Today, we welcome USA Today Bestselling historical author Julianne MacLean to The Romance Dish! Julianne's first book was published in 2000, but I was introduced to her books in 2006 when I won an ARC of Surrender to a Scoundrel, the last in her American Heiress series and my favorite of all her books. The three-time RITA nominee's last full-length novel was released two years ago (When a Stranger Loves Me), but the wait will surely be worth it with her upcoming back-to-back releases in a new Scottish Highlander trilogy from St. Martin's Press! Plus, she has a novella titled, The Rebel, in the recently released Mammoth Book of Scottish Romance. Lots of Scottish yumminess! Please welcome Julianne MacLean!
Julianne MacLean on Romance Cover Art – What Sells and What Doesn’t?
Hello Romance Dishies! This is my first time here, and I’m excited to be blogging about covers, a topic near and dear to my heart.
I confess I’m not an expert. I don’t have a background in graphic design. All I have is my instincts and my royalty statements, which tell me which of my books have sold better (or worse) than others.
Of course there are many factors involved in how well a book sells. I like to think that a truly fantastic, book-from-the-author’s-heart will sell for that reason alone – because it’s just plain good – and word-of-mouth will make it a success.
Sadly, that’s not always the case, and the old cliché still holds true. Books do get judged by their covers, which includes not only the front cover but the back cover blurb as well – which is what we,in the biz,call “packaging.”
So think about it – what made you buy the last book you purchased? Was it a sure thing because you were already a fan of the author? (If it was Nora Roberts or James Patterson, let’s just move on.) If, however, it was an author you’d never read before,what inspired you to hand over your dollars at the cash register, or click the “add to cart” button?
In many ways, a reader’s response to cover art is subjective, but there are certain things that can make the packaging “pop.”
My first single title with Avon, TO MARRY THE DUKE, surprised everyone with how well it sold, and the last time I checked, it had gone back to print at least 5 times. There were three factors in its success, which I’ll share here:
1. It had a red cover. Fact: Red covers sell well.
2. It had the word “duke” in the title. Fact: Duke titles sell well.
3. It had a creative back-cover blurb written in first person, which was fresh and different at the time.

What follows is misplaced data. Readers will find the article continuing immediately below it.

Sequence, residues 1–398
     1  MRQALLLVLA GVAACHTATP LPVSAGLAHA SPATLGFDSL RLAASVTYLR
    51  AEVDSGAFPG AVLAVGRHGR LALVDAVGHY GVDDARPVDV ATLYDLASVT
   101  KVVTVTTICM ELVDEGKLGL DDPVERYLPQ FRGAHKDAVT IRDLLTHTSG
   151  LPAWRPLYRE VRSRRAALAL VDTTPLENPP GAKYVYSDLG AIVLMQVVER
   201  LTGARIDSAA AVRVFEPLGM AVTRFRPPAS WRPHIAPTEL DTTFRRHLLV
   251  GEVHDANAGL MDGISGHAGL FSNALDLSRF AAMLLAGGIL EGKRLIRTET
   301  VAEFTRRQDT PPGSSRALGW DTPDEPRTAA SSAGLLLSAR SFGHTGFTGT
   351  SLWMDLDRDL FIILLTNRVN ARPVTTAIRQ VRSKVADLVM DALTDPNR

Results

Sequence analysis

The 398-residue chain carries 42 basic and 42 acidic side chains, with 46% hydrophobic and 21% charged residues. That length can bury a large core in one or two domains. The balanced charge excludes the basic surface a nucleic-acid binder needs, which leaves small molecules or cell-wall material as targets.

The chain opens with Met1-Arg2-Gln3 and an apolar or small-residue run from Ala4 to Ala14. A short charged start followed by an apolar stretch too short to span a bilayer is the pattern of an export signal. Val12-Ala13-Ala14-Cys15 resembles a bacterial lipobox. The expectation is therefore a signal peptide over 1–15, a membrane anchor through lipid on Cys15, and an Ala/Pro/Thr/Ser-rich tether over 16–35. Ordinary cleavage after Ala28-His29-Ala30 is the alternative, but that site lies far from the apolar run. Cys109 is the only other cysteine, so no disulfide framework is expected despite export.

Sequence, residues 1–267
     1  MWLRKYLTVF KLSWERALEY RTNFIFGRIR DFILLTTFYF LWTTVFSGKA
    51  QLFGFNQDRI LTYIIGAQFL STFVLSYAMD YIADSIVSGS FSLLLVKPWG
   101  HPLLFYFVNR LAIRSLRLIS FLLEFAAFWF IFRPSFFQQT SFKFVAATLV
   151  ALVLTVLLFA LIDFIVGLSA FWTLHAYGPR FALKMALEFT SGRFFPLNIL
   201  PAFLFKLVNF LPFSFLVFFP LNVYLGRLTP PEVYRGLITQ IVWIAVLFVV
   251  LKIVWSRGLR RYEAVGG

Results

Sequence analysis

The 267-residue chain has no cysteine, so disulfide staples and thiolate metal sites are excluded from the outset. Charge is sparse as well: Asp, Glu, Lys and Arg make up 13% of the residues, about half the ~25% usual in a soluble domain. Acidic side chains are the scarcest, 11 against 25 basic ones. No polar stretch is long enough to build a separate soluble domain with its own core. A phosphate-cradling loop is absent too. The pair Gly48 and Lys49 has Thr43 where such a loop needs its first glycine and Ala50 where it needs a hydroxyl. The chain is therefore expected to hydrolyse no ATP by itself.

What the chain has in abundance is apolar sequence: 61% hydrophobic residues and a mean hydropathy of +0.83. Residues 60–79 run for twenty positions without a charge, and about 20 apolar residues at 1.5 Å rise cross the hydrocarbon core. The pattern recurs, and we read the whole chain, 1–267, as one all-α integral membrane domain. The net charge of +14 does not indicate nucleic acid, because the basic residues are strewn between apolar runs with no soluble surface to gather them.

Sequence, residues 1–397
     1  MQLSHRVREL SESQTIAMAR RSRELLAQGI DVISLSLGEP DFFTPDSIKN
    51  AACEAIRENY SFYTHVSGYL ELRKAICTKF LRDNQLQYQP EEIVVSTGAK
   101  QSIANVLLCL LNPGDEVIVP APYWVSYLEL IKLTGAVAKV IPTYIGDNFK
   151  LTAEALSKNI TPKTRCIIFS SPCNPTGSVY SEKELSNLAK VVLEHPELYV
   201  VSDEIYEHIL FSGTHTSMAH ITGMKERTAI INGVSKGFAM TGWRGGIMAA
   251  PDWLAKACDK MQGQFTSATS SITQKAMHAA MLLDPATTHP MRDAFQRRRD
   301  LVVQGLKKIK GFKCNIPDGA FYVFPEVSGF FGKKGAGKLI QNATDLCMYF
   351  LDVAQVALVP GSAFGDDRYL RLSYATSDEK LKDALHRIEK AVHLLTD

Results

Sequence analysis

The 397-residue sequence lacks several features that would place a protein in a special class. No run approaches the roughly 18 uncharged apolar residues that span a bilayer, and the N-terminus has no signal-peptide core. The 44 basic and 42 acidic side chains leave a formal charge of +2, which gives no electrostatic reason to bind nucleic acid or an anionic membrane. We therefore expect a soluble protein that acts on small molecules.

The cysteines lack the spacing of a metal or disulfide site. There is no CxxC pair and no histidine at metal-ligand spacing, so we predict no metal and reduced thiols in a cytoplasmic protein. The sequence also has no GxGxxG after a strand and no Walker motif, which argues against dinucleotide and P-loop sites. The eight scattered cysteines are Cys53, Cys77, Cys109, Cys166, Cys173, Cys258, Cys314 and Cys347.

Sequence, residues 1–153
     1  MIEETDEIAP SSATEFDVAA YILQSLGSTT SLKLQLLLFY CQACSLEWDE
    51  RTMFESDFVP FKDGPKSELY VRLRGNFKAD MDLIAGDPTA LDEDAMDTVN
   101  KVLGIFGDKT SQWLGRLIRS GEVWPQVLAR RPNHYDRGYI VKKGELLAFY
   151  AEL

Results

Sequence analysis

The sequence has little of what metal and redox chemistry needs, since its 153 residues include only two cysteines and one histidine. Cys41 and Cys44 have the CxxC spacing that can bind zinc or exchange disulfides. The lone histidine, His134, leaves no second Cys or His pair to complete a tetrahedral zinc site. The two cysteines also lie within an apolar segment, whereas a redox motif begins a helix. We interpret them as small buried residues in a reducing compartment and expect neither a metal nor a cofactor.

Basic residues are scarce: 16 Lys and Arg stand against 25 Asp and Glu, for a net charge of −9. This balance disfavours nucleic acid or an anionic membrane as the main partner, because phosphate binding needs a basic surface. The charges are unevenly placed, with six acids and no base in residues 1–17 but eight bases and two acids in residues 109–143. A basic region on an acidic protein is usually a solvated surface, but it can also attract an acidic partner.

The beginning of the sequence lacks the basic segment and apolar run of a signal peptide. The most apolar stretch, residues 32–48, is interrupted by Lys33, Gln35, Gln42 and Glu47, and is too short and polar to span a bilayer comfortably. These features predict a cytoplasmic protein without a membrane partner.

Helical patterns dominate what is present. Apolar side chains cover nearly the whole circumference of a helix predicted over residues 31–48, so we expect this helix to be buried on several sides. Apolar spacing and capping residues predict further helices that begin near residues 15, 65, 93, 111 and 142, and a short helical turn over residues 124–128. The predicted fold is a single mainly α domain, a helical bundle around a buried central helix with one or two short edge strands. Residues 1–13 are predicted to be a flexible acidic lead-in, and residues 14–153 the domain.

My second book with Avon, AN AFFAIR MOST WICKED, did even better than the first and remains my best-selling romance to date. It, too, had three things going for it:
1. A white cover. Fact: White covers pop on the shelves.
2. A sexy back cover blurb, again written in first person, just like before. (Hint: continuity is good. It creates a brand.)
3. Which brings me to point number three: Front cover continuity. It resembled TO MARRY THE DUKE with the same fonts and an indoor clinch with vertical drapes in the background.
Okay… let’s move forward to book #5 – PORTRAIT OF A LOVER – my worst selling book of all time. Take a look. What do you think?
It was certainly different, and remains unlike any other romance cover I’ve seen. But here were the problems: It was brownish/purplish/grey. Not a very sexy color combination. The hero’s expression wasn’t broody enough, and romance readers aren’t ready to give up their tortured alpha males. And evidently, high art doesn’t sell romance novels, and the notion of an unfinished oil painting basically made readers run and hide.
To top it all off, there was no continuity to make it clear that it was part of my American Heiress series. It stood out like a sore thumb.
But interestingly enough, if you look at my reviews on Amazon, that book has the highest starred rating, and I still believe it was one of my better books.
So here I am with three new books coming out this year – a new Highlander trilogy with fantastic continuity. If you hold all three books up side-by-side, it’s clear they are part of a series; even the fonts are the same. The colors are gorgeous, the cover models are beefy and masculine – definitely alpha male material – and I go to sleep each night with high hopes that they’ll do okay and no one will be disappointed.
So tell me, what covers do you like best? Heroine only covers?Hero only?Clinch? Do you want to see the character’s whole face? How about a house and a sailboat? Naked parts?
The possibilities are endless, and I would love to hear your preferences, and one lucky commenter will win a copy of PORTRAIT OF A LOVER, which I think was only read by about twelve people :)